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W E D N E S D A Y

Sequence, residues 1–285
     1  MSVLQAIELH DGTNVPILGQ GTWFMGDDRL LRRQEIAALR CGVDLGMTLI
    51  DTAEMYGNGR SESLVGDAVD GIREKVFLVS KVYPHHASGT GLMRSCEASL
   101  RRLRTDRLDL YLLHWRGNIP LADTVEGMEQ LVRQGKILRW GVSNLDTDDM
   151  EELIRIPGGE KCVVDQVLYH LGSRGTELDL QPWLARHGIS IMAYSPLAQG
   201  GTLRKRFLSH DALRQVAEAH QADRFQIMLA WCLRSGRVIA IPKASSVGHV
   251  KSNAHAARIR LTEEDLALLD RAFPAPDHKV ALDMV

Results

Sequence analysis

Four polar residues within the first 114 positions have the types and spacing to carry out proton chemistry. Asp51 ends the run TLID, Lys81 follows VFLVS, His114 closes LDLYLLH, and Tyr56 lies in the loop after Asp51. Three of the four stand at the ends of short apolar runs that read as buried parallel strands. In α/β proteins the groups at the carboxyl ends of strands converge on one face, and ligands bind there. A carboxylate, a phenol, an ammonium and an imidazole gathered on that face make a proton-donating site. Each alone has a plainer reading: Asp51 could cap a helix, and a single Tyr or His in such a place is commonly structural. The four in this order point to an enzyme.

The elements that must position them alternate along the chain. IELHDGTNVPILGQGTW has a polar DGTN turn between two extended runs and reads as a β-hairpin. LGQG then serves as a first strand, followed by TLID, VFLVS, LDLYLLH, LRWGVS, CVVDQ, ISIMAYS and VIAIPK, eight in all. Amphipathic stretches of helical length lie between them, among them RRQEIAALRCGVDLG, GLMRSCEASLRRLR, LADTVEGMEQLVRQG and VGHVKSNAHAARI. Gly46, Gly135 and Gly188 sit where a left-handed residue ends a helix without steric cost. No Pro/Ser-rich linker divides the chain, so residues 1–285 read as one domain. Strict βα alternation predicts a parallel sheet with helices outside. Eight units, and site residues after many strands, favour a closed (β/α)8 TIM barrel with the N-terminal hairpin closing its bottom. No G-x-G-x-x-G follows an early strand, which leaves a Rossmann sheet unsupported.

Slavery and its progeny aren’t as far in the past as we would like to believe. My great-grandfather was a sharecropper who spent his whole life working land he would never own, for “wages” he didn’t agree to. His children, who worked alongside him many days, are still living. Pete Daniel, a curator at the Museum of American History and author of The Shadow of Slavery: Peonage in the South, 1901-1969, will discuss modern American slaveryfrom sharecroppers to mistreated migrant workers. And just because the book stops at 1969 doesn’t mean there was no more forced labor. As late as 1981, a case was successfully brought against a group of people who forced a sick migrant worker to continue working, beating him and preventing him from leaving, resulting in his death. The reason this isn’t better known is because many folks don’t want to know. It kind of throws the idea that we’re living in a democracy. At noon at the National Archives, 8601 Adelphi Rd., College Park. FREE. (202) 501-5000. (HB)